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Publication numberUS5563580 A
Publication typeGrant
Application numberUS 08/527,631
Publication dateOct 8, 1996
Filing dateSep 12, 1995
Priority dateSep 12, 1995
Fee statusLapsed
Publication number08527631, 527631, US 5563580 A, US 5563580A, US-A-5563580, US5563580 A, US5563580A
InventorsJames O. Stephens
Original AssigneeStephens; James O.
Export CitationBiBTeX, EndNote, RefMan
External Links: USPTO, USPTO Assignment, Espacenet
Aquatic splash detection system
US 5563580 A
A security system for pools and spas incorporates two distinct sections. The first control means allows for automatic operation and consists of sensors that detect and keep track of the number of adults entering or leaving the pool area and deactivate or activate the second control means of the system. Within the second control means, a motion detector first senses movement of an animate object in the area adjacent to the pool, which then interrupts, for a certain period of time, pool cleaning equipment to allow the aquatic sonic transducer to operate at a more effective sensitivity which senses frequencies characteristic of splashing over other sounds, coupled to circuitry responsive to the same frequencies. When splashing is detected, alarms are activated which then need to be reset.
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I claim:
1. A security system providing automatic control, said system comprising in combination:
(a) a sensor means to detect tall persons passing through an entrance and producing signals therefrom
(b) a means to totalize said signals and with a preset total, activate a detection means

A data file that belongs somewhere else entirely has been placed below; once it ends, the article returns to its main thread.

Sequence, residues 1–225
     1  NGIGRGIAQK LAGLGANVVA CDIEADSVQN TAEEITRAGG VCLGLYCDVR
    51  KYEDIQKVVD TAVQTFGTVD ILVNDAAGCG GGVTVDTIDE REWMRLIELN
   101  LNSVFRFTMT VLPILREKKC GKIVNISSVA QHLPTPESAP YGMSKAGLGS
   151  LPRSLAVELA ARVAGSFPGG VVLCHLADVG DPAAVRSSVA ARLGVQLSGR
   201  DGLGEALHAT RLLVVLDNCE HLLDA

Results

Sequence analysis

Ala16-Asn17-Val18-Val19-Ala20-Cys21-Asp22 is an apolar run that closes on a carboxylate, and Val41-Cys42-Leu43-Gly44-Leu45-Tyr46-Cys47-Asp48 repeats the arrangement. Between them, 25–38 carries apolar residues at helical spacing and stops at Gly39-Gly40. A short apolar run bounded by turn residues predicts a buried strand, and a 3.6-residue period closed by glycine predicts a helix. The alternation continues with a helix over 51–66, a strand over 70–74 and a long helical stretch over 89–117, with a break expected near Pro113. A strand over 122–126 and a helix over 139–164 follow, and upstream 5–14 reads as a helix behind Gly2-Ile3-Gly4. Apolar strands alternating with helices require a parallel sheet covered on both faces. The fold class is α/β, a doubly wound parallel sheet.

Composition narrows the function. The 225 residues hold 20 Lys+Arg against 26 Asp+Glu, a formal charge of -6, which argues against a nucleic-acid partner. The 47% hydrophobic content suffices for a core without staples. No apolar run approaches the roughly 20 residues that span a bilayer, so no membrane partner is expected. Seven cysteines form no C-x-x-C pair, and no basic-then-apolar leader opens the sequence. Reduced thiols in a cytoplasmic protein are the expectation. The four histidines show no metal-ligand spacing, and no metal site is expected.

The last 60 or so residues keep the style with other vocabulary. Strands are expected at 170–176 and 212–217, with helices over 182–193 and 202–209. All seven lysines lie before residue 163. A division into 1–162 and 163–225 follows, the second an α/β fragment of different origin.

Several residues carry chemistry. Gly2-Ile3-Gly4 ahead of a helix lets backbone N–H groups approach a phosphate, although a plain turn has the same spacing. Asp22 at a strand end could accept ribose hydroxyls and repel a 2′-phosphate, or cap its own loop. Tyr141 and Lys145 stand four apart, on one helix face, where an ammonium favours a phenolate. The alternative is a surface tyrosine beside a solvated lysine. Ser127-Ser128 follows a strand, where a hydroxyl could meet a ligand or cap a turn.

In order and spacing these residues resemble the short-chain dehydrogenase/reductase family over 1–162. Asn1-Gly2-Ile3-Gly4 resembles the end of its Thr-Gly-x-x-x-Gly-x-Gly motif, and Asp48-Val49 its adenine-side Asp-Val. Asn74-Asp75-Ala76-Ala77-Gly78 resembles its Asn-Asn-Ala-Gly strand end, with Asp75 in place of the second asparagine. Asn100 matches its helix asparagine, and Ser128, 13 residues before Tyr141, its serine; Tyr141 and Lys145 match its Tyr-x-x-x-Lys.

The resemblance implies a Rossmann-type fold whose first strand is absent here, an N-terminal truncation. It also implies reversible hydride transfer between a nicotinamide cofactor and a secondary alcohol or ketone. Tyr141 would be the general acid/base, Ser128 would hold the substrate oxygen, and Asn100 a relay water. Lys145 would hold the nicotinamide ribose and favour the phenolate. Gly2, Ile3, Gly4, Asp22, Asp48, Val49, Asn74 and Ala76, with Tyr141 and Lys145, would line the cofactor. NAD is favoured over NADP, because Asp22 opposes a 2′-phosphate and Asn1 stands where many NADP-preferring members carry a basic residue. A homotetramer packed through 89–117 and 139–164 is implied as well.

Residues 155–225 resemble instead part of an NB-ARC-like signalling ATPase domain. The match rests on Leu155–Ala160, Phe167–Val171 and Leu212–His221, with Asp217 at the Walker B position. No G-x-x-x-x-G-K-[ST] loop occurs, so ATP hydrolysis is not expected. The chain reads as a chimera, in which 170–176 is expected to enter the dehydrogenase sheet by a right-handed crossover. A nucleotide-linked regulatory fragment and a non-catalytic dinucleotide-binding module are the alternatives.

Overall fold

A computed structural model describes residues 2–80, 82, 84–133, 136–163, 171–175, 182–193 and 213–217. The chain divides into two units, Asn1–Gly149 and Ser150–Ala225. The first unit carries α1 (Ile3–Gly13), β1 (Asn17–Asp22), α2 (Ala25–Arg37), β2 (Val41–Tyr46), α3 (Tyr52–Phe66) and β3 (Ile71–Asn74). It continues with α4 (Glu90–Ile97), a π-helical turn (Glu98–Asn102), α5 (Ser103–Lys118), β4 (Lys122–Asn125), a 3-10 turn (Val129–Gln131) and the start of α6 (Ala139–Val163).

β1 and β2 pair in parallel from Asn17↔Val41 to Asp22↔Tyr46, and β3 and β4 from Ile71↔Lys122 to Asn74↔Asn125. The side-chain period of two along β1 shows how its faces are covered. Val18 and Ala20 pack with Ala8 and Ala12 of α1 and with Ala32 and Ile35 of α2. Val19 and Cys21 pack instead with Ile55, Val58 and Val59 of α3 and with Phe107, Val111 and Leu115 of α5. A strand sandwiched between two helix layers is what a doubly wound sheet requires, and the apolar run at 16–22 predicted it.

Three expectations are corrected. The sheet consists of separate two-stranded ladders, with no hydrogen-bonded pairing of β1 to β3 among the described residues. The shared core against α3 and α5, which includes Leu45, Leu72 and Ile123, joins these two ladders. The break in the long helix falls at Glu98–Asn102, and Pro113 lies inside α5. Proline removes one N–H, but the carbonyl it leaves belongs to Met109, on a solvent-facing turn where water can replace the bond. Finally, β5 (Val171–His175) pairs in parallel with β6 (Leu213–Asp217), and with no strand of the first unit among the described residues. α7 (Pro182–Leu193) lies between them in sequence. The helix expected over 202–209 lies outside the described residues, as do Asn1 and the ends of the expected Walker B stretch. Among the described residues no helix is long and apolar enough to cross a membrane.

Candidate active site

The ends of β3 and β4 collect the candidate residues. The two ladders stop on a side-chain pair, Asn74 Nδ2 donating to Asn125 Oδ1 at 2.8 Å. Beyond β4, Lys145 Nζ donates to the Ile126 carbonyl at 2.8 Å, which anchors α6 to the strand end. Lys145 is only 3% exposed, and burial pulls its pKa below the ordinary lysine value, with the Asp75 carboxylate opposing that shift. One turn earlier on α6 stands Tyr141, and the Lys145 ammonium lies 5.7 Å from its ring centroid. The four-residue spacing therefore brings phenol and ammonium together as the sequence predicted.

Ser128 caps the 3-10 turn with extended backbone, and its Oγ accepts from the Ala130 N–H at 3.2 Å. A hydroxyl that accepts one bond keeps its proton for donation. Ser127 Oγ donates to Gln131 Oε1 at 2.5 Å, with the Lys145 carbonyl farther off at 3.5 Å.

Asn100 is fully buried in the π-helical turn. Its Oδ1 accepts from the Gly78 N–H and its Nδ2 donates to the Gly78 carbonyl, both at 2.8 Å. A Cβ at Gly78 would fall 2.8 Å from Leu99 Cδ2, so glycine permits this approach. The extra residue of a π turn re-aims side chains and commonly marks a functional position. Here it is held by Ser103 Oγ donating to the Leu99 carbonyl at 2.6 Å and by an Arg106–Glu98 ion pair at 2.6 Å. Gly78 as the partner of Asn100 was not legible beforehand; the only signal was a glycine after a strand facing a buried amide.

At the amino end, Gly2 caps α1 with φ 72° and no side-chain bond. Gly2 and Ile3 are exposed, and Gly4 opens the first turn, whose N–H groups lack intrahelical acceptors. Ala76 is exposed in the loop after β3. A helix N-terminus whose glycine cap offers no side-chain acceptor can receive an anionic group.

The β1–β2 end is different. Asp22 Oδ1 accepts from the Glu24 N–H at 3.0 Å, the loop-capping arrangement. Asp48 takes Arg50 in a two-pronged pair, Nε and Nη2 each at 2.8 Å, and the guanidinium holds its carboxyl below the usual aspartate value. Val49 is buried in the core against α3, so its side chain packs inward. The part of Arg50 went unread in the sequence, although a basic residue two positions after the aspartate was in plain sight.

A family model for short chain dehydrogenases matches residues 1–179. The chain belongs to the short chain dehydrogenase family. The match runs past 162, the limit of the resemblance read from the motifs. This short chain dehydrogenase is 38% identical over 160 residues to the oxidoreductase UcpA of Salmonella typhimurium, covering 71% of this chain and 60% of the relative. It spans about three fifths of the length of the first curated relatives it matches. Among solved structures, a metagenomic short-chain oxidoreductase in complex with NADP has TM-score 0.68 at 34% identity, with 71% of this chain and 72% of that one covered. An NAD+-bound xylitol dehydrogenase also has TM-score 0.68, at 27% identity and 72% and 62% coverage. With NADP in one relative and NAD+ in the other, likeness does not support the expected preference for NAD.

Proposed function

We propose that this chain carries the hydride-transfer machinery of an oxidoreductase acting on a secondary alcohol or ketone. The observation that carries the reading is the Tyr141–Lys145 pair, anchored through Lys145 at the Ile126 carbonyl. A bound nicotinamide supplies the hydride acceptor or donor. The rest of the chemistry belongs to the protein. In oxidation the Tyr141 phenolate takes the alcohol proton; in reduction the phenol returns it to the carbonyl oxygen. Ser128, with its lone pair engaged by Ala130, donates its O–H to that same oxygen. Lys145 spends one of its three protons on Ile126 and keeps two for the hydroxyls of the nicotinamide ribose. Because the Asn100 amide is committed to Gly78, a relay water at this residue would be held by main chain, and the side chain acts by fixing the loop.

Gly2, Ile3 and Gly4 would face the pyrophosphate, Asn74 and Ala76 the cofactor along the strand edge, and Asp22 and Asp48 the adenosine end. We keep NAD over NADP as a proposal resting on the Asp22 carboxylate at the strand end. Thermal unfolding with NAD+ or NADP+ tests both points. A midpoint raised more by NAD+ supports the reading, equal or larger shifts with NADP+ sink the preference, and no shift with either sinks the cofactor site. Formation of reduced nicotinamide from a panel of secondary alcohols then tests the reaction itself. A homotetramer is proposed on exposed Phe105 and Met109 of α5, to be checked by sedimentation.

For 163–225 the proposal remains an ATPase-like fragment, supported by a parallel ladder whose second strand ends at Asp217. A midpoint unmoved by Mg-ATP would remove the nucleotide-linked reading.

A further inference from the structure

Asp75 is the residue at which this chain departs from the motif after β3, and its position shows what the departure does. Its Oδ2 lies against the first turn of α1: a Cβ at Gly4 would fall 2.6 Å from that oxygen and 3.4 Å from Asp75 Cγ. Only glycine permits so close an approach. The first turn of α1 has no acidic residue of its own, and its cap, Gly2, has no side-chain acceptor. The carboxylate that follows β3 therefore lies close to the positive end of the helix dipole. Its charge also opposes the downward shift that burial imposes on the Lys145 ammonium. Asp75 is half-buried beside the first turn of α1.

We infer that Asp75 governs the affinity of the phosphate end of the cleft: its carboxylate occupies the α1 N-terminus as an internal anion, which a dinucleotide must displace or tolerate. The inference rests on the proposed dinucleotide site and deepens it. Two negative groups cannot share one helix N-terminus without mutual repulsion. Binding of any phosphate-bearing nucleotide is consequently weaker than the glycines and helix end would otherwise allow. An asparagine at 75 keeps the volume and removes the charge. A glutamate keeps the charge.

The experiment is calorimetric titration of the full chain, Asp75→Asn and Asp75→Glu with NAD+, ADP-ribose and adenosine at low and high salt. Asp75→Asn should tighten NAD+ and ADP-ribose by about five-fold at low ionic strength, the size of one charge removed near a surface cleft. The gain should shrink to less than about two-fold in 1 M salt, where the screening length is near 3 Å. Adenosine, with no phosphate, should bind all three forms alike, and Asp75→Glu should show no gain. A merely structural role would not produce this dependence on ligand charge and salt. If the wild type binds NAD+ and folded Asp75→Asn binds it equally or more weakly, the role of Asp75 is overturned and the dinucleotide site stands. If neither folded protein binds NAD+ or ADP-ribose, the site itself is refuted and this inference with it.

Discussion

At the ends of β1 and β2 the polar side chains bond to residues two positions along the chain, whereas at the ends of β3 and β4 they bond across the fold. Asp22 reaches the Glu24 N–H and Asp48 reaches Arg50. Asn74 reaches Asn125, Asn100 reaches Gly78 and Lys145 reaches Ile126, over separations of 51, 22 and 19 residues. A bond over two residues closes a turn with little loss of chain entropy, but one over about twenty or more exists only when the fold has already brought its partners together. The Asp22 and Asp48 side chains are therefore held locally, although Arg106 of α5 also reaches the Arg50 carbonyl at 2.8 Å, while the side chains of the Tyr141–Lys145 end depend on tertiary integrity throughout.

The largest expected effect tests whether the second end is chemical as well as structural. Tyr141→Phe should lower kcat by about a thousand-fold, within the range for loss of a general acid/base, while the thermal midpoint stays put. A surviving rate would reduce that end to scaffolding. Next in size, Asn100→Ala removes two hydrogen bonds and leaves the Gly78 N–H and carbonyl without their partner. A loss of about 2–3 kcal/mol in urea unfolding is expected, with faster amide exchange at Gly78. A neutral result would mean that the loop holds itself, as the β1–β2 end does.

(c) said detection means in response to intrusion detection, activating an alarm.
2. The security system of claim 1, wherein each entrance to a specified area has said sensor means.
3. The security system of claim 1, wherein said detection means deactivates for a period of time, any noise making devices and during said time, activates a means to detect and distinguish vibrations in a liquid medium, output of said means activating alarms.
4. The security system of claim 3, said means to detect vibrations in a liquid medium being a device which has a mechanical resonance of approximately 3 K Hz, producing an electrical signal coupled to circuitry responsive to 3 K Hz.
5. A means to detect the number of tall persons passing through an entrance, wherein said means upon acquiring a preset total, activates a detection means which when detecting movement of an animate body, deactivates for a period of time, noise making devices while during same said time, activates a means to detect and distinguish vibrations in a liquid medium, output of said means activating alarms.
6. An aquatic pool alarm system comprising a first and a second control means to provide automatic operation by said first control means detecting and totalizing tall persons in a pool area and activating said second control means when no tall persons are in said pool area, said second control means then detecting animate movement in said pool area, and thereupon interrupting noise making devices and activating a circuit and transducer which are frequency responsive to splashing, said splashing when detected activating a latch which turns on alarms.

This invention relates to swimming pool alarms, intended to provide warning should a child or domestic animal fail into an unattended swimming pool or other aquatic pool, or in the event of use by unauthorized persons.


Statistics show that an alarming number of children drown in private swimming pools every day. Drowning is particularly prevalent among young children who do not know how to swim, or are not capable of getting out of pools under emergency or accidental situations.